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Luther College to honor Chingwel Mutombu with 2013 Young Alumni Award

Luther College to honor Chingwel Mutombu with 2013 Young Alumni Award

April 30, 2013

Chingwel Mutombu, executive director and founder of First Step Initiative, has been named the recipient of the Luther College Young Alumni Award for 2013.

The Young Alumni Award recognizes Luther alumni who have graduated in the past 15 years and rendered notable service to their profession and society in their vocation or avocation.            

Award recipients have demonstrated significant professional achievement, leadership abilities and distinctive service to Luther or society. Their record of commitment, leadership, character and ethic exemplify the college mission.

The award will be presented to Mutombu at the college's Commencement ceremonies on Sunday, May 19. Her citation will be read by Kris Gregersen, a 1982 graduate of Luther and co-president of the college's Alumni Association.

A native of Congo, Mutombu currently resides in Minneapolis, Minn., with her husband Larry Jolivette. She graduated from Luther in 2000 with a bachelor's degree in French and political science.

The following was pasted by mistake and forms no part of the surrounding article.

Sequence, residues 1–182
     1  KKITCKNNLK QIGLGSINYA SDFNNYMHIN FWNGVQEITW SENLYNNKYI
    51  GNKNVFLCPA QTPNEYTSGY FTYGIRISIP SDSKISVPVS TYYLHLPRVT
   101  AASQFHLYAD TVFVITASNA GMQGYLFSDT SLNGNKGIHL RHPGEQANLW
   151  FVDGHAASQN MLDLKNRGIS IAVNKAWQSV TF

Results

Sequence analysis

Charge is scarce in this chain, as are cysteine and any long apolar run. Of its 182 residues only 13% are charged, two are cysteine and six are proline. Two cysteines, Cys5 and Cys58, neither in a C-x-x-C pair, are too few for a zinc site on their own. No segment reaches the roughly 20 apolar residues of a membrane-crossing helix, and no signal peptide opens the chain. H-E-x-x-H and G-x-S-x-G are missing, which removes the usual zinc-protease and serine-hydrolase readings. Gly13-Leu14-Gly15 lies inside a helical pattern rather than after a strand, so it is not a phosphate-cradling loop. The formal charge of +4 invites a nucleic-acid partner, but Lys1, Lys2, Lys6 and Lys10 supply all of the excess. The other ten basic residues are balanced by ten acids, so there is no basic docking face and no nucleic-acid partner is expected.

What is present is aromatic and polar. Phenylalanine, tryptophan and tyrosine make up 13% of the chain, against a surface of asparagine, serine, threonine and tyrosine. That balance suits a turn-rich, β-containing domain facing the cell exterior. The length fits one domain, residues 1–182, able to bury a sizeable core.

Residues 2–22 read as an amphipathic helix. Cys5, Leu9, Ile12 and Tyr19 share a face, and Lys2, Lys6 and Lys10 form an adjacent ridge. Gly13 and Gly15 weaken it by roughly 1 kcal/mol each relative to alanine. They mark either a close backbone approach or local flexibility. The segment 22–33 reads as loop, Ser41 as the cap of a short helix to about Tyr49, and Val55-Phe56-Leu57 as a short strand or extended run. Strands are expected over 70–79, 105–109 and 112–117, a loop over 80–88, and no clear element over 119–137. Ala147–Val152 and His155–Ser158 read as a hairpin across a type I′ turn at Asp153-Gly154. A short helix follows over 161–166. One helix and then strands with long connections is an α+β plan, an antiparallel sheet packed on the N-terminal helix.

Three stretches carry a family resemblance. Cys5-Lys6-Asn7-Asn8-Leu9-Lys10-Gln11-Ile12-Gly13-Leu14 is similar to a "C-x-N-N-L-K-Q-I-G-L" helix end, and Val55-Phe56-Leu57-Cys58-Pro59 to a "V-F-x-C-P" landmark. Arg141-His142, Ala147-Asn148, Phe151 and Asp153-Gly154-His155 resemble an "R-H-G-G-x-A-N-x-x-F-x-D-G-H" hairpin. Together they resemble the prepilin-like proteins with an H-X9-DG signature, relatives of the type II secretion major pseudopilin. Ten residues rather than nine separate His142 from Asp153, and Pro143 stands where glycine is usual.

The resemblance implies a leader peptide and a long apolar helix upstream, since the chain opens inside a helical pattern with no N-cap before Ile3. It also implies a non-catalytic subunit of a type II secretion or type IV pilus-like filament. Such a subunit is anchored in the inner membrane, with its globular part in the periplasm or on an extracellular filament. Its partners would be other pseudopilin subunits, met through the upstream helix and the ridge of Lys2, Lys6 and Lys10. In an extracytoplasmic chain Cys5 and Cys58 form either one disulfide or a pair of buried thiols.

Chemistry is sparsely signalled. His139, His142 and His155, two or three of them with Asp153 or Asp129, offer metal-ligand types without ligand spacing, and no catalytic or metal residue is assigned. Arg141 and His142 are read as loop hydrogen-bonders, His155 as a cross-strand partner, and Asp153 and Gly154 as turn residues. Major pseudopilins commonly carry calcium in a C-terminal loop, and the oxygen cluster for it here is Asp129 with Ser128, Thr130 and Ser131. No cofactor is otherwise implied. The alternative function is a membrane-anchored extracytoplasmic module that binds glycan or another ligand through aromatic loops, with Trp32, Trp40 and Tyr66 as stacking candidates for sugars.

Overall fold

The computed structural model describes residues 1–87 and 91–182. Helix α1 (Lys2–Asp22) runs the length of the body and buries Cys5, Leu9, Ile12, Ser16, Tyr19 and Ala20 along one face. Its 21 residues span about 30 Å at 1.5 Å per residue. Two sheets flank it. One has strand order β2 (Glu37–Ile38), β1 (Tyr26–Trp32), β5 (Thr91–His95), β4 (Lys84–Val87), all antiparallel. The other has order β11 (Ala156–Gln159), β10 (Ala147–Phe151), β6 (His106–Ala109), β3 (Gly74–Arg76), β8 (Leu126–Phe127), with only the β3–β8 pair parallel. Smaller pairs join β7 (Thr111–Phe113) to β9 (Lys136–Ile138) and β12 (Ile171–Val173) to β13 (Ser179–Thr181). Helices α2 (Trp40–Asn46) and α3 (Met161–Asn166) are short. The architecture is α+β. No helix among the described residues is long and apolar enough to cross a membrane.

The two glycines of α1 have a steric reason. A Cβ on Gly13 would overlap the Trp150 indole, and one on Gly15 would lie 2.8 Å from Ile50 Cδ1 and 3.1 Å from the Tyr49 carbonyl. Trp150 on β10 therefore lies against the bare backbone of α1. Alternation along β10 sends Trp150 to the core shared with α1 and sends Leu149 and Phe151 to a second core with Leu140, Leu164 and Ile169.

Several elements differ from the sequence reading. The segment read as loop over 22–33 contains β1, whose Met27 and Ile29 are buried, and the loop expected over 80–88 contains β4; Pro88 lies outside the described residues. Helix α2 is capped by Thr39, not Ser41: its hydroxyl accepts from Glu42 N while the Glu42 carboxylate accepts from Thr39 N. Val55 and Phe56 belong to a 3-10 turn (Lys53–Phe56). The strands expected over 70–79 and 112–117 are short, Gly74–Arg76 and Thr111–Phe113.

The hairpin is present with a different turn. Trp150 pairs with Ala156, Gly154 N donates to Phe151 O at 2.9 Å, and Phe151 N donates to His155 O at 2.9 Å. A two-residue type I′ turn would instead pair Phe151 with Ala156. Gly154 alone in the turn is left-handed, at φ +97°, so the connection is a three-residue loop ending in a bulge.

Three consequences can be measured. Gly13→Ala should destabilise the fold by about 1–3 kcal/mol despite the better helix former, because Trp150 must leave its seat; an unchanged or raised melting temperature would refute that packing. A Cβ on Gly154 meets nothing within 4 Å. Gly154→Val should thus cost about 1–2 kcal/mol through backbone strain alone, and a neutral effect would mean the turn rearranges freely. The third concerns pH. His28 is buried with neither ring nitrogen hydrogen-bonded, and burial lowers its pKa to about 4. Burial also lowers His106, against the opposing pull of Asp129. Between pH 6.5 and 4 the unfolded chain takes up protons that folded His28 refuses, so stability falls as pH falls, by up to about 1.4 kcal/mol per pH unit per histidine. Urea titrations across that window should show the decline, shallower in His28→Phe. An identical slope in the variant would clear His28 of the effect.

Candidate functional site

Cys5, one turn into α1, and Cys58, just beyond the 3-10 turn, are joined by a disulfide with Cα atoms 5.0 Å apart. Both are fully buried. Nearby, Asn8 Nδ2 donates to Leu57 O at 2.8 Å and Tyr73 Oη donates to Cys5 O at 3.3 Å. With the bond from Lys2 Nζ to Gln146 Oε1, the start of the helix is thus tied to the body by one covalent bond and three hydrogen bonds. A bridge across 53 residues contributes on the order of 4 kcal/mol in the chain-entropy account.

Mutombu was born in Iowa to Congolese parents but moved to the Congo at age two, where she grew up in a small rural village with no plumbing, no running water and no electricity.

At 17 she returned to the states to avoid war and to study, earning a degree at Luther then completing her studies and earning two master's degrees from Seton Hall in public administration and international relations.

Mutombu started the First Step Initiative in 2006. The nonprofit organization helps women in the Congo build small businesses as a way to sustain them and become economically independent.

Mutombu admitted her passion for this topic derives from the life of her own mother. She describes her mother as a strong, entrepreneurial woman, but also describes the Congolese women as having that same trait. Mutombu is attempting to help these women reach their goals by removing some of the barriers that have previously held them back.

After getting assistance from the organization, many women have begun their own businesses. About a third are food vendors who sell in the markets; a third work in clothing manufacturing, where everything else is made from scratch and another third work with livestock.
                                           
In February of 2012 Mutombu began writing a memoir to honor her mother, who is losing her memory. She hopes it will provide a better insight into the life of Congolese women and Mutombu's interest in the First Step Initiative.

To learn more about the memoir, you can visit www.chingwell.blogspot.com.

To learn more about the First Step initiative, you can visit www.firststepinitiative.net.

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Chingwel Mutombu, executive director and founder of First Step Initiative
Chingwel Mutombu, executive director and founder of First Step Initiative
Chingwel Mutombu, executive director and founder of First Step Initiative